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One plantation I don't really mind
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Some Savannahians get up at the crack of dawn. Others at the crack of ice. And far too many at the crack of crack.

For the last few mornings yours truly, however, has been getting up at the crack of a whip. I guess it’s appropriate, really, since I’m back on the plantation.

Now, if you think I’m somehow picking cotton at sunrise, don’t worry (and for some of you, don’t get your hopes up) -- it’s not that kind of plantation.

I’m talking about my parents’ place over at Sea Pines Plantation on Hilton Head Island. What a difference a civil war makes.

Anyway, the aforementioned whip is being wielded by an overbearing overseer who happens to be my mother. Mom still hasn’t broken her lifelong habit of getting up before me and yelling, “Mark! Get your bony behind out of that bed! The house is on fire! Grab a water hose, boy!”

You see, after my recent car jacking and subsequent bullet through the chest, an expensive gated community may be just what the doctor ordered.

In case you’re unfamiliar with Sea Pines, it the largest and probably most exclusive of the ten plantations on Hilton Head. It is also the home of the MCI Heritage (golf) and the Family Circle Cup (tennis). Well, it used to host the latter until Charleston got its grubby -- but still genteel, mind you -- fingers on it two years ago.

Believe it or not, there was a time when I wouldn’t be caught dead on Sea Pines. In my confused teenage mind the place was just too white. It wasn’t “down.” Like I’d actually run into some homeboys on the back nine.

To be honest, in all the years of coming over here to Sea Pines I’ve only used the pool once. I remember belly flopping into the water and then watching the white parents yank their kids out. That was over twenty years ago.

After a ten-year self-imposed exile from Sea Pines I find that I’m loving every well-manicured moment of it. Homeboys and poolside bigots be damned.

My reason for returning here is a simple, yet politically incorrect one. Mayor Otis Johnson, I suspect, was alluding to it at a recent Town Hall meeting concerning the wretched state of Savannah’s public schools when he said, “There are some things I want to say, but I’m not going to.”

I’ll say it for you, Mr. Mayor: I’m sick of crazy black people and I need a freakin’ break.

So here I am on Sea Pines with nary a black face insight. Of course, I have mixed emotions about this, but guess what? My blood pressure is down and I am actually smiling instead of shaking my head in disbelief at some of the shenanigans my people get up to.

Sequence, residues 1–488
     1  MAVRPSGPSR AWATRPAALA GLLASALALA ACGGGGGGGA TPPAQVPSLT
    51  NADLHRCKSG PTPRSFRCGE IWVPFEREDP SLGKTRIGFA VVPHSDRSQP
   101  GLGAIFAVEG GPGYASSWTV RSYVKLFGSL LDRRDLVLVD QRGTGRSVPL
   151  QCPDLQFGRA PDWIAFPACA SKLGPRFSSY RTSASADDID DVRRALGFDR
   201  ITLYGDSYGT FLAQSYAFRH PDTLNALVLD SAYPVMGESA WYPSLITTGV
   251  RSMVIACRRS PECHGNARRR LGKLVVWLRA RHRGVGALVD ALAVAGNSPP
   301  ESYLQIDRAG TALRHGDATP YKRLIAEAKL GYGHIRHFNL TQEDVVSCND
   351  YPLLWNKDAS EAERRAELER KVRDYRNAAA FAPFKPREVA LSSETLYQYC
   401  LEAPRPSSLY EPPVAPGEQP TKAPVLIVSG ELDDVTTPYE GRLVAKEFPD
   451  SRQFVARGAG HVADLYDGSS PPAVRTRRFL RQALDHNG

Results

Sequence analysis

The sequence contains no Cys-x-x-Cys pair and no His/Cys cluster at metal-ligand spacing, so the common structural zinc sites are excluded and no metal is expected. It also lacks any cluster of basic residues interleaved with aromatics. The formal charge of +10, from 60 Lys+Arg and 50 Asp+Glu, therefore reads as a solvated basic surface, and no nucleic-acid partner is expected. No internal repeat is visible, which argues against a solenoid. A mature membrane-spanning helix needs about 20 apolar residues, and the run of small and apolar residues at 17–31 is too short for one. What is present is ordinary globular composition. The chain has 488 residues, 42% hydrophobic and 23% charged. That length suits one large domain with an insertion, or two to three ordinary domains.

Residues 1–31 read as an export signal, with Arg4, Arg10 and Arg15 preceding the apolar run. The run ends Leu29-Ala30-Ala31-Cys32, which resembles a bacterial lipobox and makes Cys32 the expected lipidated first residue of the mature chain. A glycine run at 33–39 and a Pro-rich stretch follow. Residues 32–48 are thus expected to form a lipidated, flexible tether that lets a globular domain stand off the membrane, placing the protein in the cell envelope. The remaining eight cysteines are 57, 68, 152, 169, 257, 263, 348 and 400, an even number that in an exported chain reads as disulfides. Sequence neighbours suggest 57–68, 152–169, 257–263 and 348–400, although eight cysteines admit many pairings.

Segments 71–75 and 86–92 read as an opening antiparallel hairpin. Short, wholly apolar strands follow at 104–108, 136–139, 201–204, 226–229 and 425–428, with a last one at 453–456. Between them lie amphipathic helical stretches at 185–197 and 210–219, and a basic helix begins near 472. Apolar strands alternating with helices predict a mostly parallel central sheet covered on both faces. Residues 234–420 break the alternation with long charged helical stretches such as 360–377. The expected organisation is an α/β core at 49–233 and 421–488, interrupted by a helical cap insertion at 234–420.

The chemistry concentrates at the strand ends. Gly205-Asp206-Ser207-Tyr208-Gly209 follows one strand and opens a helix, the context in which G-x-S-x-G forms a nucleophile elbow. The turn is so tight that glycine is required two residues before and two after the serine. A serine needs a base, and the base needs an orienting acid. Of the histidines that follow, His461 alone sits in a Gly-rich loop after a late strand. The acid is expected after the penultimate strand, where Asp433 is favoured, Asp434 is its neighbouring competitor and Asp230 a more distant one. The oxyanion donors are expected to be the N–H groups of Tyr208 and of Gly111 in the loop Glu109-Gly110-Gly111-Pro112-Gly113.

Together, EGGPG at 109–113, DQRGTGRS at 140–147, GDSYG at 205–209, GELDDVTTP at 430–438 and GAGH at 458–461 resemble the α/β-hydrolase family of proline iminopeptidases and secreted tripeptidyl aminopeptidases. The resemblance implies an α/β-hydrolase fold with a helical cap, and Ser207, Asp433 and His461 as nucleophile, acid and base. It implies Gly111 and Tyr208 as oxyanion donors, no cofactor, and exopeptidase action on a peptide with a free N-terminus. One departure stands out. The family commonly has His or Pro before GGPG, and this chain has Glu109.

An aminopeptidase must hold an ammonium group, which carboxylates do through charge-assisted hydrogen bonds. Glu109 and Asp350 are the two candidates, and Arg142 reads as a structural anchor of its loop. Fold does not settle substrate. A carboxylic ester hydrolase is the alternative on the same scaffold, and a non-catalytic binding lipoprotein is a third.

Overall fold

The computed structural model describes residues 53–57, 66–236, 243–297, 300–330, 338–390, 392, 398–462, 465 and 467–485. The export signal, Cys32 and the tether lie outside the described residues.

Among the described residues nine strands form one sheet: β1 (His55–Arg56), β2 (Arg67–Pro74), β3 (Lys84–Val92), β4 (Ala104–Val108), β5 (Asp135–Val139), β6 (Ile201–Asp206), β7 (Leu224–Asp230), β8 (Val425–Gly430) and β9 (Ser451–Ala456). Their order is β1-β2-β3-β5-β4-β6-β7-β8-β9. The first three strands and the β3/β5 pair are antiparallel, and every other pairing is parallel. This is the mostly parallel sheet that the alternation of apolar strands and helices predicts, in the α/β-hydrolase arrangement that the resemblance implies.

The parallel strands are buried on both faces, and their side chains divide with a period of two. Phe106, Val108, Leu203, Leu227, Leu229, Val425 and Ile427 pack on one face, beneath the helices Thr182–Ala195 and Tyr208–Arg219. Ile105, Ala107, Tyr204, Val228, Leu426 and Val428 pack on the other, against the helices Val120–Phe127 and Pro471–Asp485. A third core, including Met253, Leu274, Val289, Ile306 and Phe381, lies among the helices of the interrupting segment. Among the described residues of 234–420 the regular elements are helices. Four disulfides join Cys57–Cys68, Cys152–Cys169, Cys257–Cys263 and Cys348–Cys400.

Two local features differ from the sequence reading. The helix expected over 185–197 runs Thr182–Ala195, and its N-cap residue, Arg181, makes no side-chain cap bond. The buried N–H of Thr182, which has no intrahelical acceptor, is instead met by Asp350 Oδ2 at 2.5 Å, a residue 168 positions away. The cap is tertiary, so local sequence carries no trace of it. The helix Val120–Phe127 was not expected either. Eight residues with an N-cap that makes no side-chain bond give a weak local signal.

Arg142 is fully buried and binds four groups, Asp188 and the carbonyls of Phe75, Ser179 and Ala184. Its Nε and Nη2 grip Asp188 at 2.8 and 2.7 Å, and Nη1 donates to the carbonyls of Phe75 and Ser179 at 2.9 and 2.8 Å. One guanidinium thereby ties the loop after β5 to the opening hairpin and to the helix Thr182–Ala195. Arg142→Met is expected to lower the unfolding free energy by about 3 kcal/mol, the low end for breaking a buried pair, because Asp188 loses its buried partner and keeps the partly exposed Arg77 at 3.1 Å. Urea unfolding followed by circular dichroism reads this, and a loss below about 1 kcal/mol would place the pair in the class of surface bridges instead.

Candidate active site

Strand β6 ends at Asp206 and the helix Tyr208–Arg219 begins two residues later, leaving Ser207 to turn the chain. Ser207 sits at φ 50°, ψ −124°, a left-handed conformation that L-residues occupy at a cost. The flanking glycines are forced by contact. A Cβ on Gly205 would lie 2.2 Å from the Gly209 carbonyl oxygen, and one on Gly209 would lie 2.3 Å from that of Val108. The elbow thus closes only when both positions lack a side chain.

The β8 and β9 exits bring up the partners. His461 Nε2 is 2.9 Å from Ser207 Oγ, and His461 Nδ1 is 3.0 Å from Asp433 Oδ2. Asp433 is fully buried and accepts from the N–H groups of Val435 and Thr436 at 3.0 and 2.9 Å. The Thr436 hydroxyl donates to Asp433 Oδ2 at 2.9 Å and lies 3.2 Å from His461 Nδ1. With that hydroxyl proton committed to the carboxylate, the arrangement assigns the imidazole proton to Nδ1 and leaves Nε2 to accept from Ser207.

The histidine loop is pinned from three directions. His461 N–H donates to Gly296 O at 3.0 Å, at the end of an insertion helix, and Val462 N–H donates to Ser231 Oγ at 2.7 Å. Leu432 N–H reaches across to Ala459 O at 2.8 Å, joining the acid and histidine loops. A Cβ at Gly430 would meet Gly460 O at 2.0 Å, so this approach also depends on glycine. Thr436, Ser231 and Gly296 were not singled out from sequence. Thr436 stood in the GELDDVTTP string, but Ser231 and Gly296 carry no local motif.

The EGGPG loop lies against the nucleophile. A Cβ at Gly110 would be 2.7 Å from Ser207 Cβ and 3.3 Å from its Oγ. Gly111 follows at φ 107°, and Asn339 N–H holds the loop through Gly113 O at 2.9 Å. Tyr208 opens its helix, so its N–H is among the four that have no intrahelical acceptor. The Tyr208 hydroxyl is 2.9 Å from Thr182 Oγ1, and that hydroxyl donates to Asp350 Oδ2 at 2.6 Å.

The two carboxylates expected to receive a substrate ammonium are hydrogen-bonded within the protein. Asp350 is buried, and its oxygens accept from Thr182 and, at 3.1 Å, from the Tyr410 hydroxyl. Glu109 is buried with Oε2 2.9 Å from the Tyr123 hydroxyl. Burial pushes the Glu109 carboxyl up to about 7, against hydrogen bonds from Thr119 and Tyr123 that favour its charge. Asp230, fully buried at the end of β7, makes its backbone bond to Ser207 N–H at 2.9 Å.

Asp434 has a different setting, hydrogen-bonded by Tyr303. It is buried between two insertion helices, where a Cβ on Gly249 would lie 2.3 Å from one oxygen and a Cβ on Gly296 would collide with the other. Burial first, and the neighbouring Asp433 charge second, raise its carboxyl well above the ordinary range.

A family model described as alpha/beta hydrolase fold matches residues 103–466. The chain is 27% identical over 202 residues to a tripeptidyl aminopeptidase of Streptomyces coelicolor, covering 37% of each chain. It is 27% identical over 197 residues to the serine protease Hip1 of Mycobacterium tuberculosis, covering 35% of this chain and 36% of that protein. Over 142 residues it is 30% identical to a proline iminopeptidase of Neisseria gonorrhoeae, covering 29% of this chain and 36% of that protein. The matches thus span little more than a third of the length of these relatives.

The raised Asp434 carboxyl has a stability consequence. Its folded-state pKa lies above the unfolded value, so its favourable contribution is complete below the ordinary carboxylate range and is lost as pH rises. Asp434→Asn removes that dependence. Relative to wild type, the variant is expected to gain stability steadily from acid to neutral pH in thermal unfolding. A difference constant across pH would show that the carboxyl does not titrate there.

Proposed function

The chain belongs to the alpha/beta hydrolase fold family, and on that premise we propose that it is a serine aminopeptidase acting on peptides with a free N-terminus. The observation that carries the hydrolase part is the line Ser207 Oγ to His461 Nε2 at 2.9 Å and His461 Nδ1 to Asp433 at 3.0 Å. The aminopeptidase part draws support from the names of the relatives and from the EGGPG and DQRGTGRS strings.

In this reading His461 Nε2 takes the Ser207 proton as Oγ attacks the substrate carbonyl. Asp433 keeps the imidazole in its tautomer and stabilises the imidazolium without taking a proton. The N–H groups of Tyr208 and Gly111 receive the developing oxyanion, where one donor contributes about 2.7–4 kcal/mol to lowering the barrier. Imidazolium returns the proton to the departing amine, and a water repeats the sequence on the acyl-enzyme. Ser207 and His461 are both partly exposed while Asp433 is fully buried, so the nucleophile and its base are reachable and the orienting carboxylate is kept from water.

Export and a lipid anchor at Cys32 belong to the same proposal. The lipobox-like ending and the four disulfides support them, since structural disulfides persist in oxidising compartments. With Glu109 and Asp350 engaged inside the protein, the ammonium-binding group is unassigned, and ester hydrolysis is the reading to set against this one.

I refuse to open a Savannah paper or watch the news on WTOC. I’m not interested in the Churches Fried Chicken Murder. Or the Rib Hut Slaying. Or whatever the hell is going on in Savannah. This is one blackout I won’t regret.

So the first night here I head to the social hub of Sea Pines, Harbor Town. I’m not deterred that I’m without transportation. I do what any graduate of the Savannah school system would do, I steal a car. Albeit the car belongs to my parents.

After parking the getaway vehicle, I stroll around Harbor Town and finally settle in at the Harbor Side Café with perfect view of the marina. A few feet from me a is a guy playing guitar and singing the Beach Boys “Surfin’ U.S.A.” I’m feeling so positively Reagan, I order my very first mint julep.

This is pretty much how it will go for the next week or so. Sitting around the marina. Going out to dinner with the folks. Not a care in the world.

One night I ride the trolley. If you’ve ever been overseas on holiday you might have an inkling of what I’m feeling when I spot a black family climbing aboard the trolley. You know, there you are on vacation and suddenly you run into some Americans.

The spell of being on vacation is broken. You’re reluctant to say hello just in case they turn out to be the Ugly American we are warned about.

But if you’re a black American you don’t have to travel the far corners of the globe to experience this phenomenon. You just have to go some place where there simply aren’t that many black people. Say an opera, a bar mitzvah, or even the beach.

I suddenly remember what happened at that pool all those years ago. I decide to take a different sort of plunge. I say hello. They say hello back. We smile. The parents introduce their kids. We chit. We chat. We exchange small talk just like normal people.

Eventually the trolley comes to my stop. I tell this family it was nice meeting them. And it was.

Walking back to my parent’s place I have to wonder if I will ever have a similar conversation when I return to an entirely different plantation. The one with the mental, not metal, gates that keep so many people, blacks and whites, imprisoned.

You know, the one we call home. Savannah.